The MLB World Series just finished and the Titan Baseball season (unofficially) started this past weekend. Congratulations to Titan alumnus Kurt Suzuki on becoming only the 19th player to have won a College World Series (2004) and an MLB World Series (2019).
The NCAA allows teams to play two exhibition games in the fall and the Titans traveled out to Las Vegas to take on the UNLV Rebels in a 14 innings affair.
The format consisted of two, seven innings games where the score was kept and normal baseball rules applied. (The substitution rule was not closely followed because it was an exhibition.) The first seven inning game ended in a 0-0 tie. In the second game, the Titans fell 3-1. In a surprise move, Brady Barcellos came out of the bullpen and pitched a 15th inning until he got three outs and then the teams met and shook hands at home plate.
We made the road trip out to Las Vegas and here are our initial thoughts and takeaways from the weekend. Some good, some bad, some ugly. But overall, the 2020 Titan Baseball squad should be much improved over last year’s team.
- Pitching – Counting the 15th inning Brady Barcellos threw which rendered zero runs, the pitching staff only gave up a total of two earned runs. That’s a 1.20 staff ERA. Yes, a small sample size but compare that to the staff ERA of 4.81 from last season and it does not take a Billy Bean Money Ball guy to know that is a huge improvement. Only seven hits surrendered over the course of both games is a huge plus as well.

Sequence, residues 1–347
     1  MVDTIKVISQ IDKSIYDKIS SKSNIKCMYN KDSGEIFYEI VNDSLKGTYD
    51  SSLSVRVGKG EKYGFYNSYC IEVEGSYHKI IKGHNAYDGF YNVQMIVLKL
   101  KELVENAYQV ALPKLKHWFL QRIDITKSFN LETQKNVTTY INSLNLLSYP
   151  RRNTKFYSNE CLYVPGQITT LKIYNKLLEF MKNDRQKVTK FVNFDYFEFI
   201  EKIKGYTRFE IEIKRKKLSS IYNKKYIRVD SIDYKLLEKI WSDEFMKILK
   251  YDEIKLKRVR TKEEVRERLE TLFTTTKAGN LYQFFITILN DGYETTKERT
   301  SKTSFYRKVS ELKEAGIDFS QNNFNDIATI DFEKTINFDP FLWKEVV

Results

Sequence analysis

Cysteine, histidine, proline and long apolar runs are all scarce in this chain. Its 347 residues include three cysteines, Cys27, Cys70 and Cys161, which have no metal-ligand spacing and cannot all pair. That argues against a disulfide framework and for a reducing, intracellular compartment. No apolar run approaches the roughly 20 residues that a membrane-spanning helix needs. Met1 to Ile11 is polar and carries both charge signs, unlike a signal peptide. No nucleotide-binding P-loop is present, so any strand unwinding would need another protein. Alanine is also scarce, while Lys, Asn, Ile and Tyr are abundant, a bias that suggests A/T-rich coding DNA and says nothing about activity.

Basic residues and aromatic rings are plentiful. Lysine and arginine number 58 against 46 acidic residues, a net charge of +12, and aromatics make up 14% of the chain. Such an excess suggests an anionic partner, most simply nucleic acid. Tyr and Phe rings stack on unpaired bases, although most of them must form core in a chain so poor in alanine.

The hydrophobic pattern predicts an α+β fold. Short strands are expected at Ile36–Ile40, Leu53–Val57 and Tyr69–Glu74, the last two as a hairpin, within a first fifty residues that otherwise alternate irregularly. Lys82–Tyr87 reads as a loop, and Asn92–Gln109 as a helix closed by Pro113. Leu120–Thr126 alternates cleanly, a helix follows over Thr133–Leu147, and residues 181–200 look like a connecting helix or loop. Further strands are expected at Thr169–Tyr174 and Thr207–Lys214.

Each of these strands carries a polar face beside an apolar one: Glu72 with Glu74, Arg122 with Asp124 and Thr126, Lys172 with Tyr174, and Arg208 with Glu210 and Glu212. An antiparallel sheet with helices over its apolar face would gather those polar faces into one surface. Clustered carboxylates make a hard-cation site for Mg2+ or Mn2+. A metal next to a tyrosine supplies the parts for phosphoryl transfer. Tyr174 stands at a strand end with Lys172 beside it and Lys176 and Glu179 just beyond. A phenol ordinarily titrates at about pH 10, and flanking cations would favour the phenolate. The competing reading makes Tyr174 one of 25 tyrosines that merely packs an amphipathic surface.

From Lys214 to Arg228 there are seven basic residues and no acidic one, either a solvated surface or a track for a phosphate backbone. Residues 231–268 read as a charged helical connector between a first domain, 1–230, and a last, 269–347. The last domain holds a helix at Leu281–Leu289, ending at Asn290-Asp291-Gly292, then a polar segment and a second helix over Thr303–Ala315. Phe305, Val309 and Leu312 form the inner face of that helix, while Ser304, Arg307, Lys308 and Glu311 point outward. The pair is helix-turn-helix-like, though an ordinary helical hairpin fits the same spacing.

- Guango – Kameron Guangorena‘s time on the Cape was limited but he seems to have picked up where he left off last season. KG started the first game behind the plate and showed some improved defense compared to last season. Guango went 2-for-3 at the plate and started Game 1 with back-to-back singles.
- Bibee – Tanner Bibee started the first game which was no surprise. Bibee was the workhorse of the 2019 pitching staff and was the established Friday night starter. His one inning of work in the UNLV game did not change the assumption he will get the ball on Fridays in 2020. Bibee walked one, struck out one and did not allow a hit. Look for Bibee to post good numbers in the upcoming UCSD exhibition and in the spring.
- Youth on Display – Seven of the nine hitters in the first game starting line-up were freshmen or sophomores. Only Brett Borgogno (junior) and Jeff Pellegrino (senior) were the only upperclassmen in the starting line-up. The rest were freshmen (Cameron Repetti, JJ Cruz, Caden Connor) and sophomores (Kameron Gunagorena, Zach Lew, Jackson Lyon, Jason Brandow). You could count Tanner Bibee on the mound to help the starting line-up of game one gain a little age but he is only a junior. If the starting line-up for game one is the same in February, the Titans will be talented but inexperienced.
- Getting more Physical – By going down the roster, you can see the newcomers for the Titans are a bigger, more physical bunch compared to previous recruiting classes. Every freshman and JC transfer that is new to the team this year are all 6’0″ or taller. One in particular that stood out literally and figuratively was Evan Adolphus. Coming in at 6’3″ and 225 lbs., Adolphus has the size and build to dominate opposing batters. Without making any unfair comparisons, Adolphus looked a lot like Vanderbilt sophomore Kumar Rocker on the mound. Nicco Cole, the 6’4″, 215 lbs. right handed JC transfer from Howard College was also an imposing force on the mound. And the new guys on the mound weren’t the only ones that filled out a uniform. JJ Cruz who played second base primarily throughout Game 1 is 6’3″. Cameron Repetti is also 6’3″ and is expected to hold down either third or first base come February. The new guys have the frames to bulk up and with a little more training table and weight room, these new guys will be the new big men on campus.